Seven Carnegie Mellon University faculty members have been elevated to the rank of University Professor, the highest distinction a faculty member can achieve at CMU.
The newly appointed University Professors are Jessica Hodgins, Allen Robinson, Kathryn Roeder, Tuomas Sandholm, Mahadev Satyanarayanan, Susanne Slavick and Joe William Trotter, Jr.
“University Professors are distinguished by international recognition and for their contributions to education, artistic creativity and/or research,” said Provost Jim Garrett. “Each University Professor exemplifies a high level of professional achievement and an exceptional commitment to academic excellence at our university.”
Garrett said the professors were nominated and recommended by academic leaders and faculty who have achieved the designation of University Professor.
Jessica Hodgins is a professor of computer science and robotics in the School of Computer Science and also directs the Facebook Artificial Intelligence Research laboratory in Pittsburgh. Her research focuses on computer graphics, animation and robotics with an emphasis on generating and analyzing human motion. She is the former vice president for research at Disney Research.
She received her Ph.D. in computer science at CMU in 1989 and served as an associate professor and assistant dean in the College of Computing at Georgia Institute of Technology before joining the CMU faculty in 2000. She served as associate director of faculty in the Robotics Institute from 2005-2015.
Hodgins is president of the Association for Computing Machinery’s (ACM) Special Interest Group on Computer Graphics and Interactive Techniques (SIGGRAPH). She was awarded the SIGGRAPH Computer Graphics Achievement Award in 2010. She received SIGGRAPH’s highest honor, the Steven Anson Coons Award for Outstanding Creative Contributions to Computer Graphics in 2017 in recognition of her foundational work in character animation, her support and cultivation of emerging researchers, and her extensive volunteer service to the computer graphics community. She also is an ACM Fellow.
Allen L. Robinson is the David and Susan Coulter Head and the Raymond J. Lane Professor of the Department of Mechanical Engineering, and Professor within the Department of Engineering and Public Policy. He is the director of the EPA-funded Center for Air, Climate, and Energy Solutions (CACES) and a founding member of the Center for Atmospheric Particle Studies (CAPS).
Robinson’s teaching and research examines technical and policy issues related to the impact of emissions from energy systems on air quality and climate. He is developing hyper-local air pollution exposure maps and quantifying the environmental impacts of shale gas development.
The Department of Mechanical Engineering, under Robinson’s leadership, is spearheading the College of Engineering‘s maker ecosystem, which is creating facilities to promote hands-on design and prototyping experiences. It is creating shared facilities for large scale assembly, rapid prototyping, advance computational design, machining, woodworking, and electronic fabrication shops.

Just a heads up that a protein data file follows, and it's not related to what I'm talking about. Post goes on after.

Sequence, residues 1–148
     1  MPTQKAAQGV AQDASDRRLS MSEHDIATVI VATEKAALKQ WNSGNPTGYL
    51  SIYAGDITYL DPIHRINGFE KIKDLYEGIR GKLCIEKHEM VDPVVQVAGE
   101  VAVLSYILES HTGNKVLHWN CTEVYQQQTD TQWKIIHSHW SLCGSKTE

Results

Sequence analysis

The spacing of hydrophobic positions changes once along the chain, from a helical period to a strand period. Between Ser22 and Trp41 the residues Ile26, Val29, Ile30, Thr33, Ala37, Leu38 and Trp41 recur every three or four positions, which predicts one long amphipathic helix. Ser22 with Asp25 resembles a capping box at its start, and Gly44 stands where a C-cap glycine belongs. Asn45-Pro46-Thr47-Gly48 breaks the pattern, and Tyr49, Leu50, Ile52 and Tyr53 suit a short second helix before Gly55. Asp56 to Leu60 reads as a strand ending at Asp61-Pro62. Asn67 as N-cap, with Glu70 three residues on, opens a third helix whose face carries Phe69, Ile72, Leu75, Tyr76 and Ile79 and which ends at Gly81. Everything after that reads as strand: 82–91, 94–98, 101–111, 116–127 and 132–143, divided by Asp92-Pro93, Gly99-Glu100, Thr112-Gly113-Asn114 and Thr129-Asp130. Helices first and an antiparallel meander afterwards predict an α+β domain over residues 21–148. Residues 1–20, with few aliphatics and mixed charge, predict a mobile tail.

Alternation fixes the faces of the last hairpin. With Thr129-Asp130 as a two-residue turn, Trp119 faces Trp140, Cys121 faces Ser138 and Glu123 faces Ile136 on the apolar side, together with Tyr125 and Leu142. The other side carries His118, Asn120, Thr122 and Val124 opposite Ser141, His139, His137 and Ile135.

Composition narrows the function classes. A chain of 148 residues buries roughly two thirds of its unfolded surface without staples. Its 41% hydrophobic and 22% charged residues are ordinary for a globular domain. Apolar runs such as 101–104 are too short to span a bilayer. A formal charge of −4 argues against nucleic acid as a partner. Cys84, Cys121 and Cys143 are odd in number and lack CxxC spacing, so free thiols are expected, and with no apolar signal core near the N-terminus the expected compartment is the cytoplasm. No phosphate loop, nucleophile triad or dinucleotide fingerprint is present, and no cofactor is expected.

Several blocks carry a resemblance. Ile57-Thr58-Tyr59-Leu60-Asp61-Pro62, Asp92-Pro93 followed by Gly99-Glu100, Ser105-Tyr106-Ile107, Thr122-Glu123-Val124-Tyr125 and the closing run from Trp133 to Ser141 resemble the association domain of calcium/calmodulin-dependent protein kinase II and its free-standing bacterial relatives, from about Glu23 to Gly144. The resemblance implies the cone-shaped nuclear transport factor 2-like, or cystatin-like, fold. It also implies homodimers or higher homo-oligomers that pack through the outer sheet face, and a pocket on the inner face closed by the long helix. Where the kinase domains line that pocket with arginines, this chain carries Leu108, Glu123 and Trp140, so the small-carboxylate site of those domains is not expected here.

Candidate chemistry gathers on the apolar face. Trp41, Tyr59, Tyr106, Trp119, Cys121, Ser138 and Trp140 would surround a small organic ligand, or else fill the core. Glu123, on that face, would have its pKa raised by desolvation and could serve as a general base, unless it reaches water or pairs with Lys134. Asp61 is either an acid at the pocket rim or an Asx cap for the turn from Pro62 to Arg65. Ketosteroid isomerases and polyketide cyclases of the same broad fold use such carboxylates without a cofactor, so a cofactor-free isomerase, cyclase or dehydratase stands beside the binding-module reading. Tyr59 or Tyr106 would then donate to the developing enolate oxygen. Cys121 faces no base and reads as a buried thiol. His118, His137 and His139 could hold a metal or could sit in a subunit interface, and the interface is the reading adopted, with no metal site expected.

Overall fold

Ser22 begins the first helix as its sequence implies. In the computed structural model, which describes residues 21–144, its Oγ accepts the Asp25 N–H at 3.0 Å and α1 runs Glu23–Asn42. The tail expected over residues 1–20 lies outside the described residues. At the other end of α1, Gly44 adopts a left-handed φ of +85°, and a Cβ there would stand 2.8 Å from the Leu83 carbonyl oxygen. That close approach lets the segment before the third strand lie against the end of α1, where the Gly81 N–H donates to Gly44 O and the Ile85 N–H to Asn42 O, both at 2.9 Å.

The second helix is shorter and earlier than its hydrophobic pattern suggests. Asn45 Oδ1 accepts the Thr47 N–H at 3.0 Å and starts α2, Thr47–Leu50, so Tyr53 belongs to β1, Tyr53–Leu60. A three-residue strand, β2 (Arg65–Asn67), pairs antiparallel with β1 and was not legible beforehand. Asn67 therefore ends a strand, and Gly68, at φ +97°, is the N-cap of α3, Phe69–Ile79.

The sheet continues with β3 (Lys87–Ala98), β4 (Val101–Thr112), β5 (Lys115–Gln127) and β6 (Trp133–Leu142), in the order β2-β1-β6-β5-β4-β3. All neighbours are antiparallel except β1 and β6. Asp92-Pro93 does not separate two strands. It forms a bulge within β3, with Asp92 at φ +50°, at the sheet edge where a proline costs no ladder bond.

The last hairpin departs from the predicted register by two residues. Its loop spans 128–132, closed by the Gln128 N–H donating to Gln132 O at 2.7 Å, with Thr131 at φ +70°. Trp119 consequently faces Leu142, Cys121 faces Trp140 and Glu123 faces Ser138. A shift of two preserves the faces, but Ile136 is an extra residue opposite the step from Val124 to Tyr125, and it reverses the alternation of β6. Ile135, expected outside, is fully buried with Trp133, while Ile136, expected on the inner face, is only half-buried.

Robinson received his Ph.D. from the University of California at Berkeley in Mechanical Engineering in 1996 and his B.S. in Civil Engineering from Stanford. He has received numerous awards, most recently the American Geophysical Union 2015 ASCENT award.
Kathryn Roeder, the UPMC Professor of Statistics and Life Sciences, holds appointments in the Department of Statistics & Data Science and the Computational Biology Department. She also served as the university’s vice provost for faculty from July 2015 through June 2019.
Roeder started her research career in biology but was soon drawn to statistics. Her first major data project was in DNA forensics, helping to solidify the credibility of this form of evidence in the judicial system. As her scientific career advanced, Roeder transitioned to developing statistical and machine learning tools for finding associations or patterns in data. She focuses on high-dimensional inference problems with applications such as analyzing variation in the whole human genome and how it relates to disease. Her work has contributed to a better understanding of schizophrenia, autism and other genetic disorders.
Roeder has published more than 150 scholarly articles. She has been elected to the National Academy of Science and has been elected a fellow of the American Association for the Advancement of Science (AAAS), the American Statistical Association and the Institute of Mathematical Statistics. She received the Snedecor Award for outstanding work in statistical applications and the Janet L. Norwood Award for outstanding achievement by a woman in statistical sciences. The Committee of Presidents of Statistical Societies bestowed its Presidents’ Award for the outstanding statistician under age 40 upon her, and she is the organization’s 2020 Fisher Lectureship Award recipient.
Roeder previously served as the statistics section chair for AAAS and has played an integral role in organizing conference sections aimed at helping her community improve how statistics are communicated across scientific disciplines, as well as to the public.
Tuomas Sandholm is the Angel Jordan Professor of Computer Science and a serial entrepreneur. His research focuses on the convergence of artificial intelligence, economics and operations research. He is the founder and director of the Electronic Marketplaces Laboratory. He has published over 500 papers and holds 22 patents. He has been a faculty member at CMU since 2001.
Since 2010, his algorithms have been running the national kidney exchange for the United Network for Organ Sharing, where they autonomously make the kidney exchange transplant plan for 73% of all U.S. transplant centers together each week. He also co-invented never-ending altruist-donor-initiated chains and his algorithms created the first such chain. Such chains have become the main modality of kidney exchange worldwide and have led to over 10,000 life-saving transplants. Then he invented multi-organ exchanges, and the first liver-kidney swap took place in 2019.
Sandholm has developed the leading algorithms for several general classes of game with his students. Last year, their AI “Pluribus” became the first and only AI to beat professional poker players at multi-player no-limit Texas hold’em, the first superhuman AI milestone in any game with more than two players. No-limit Texas hold’em is the main benchmark for testing algorithms that solve imperfect-information games.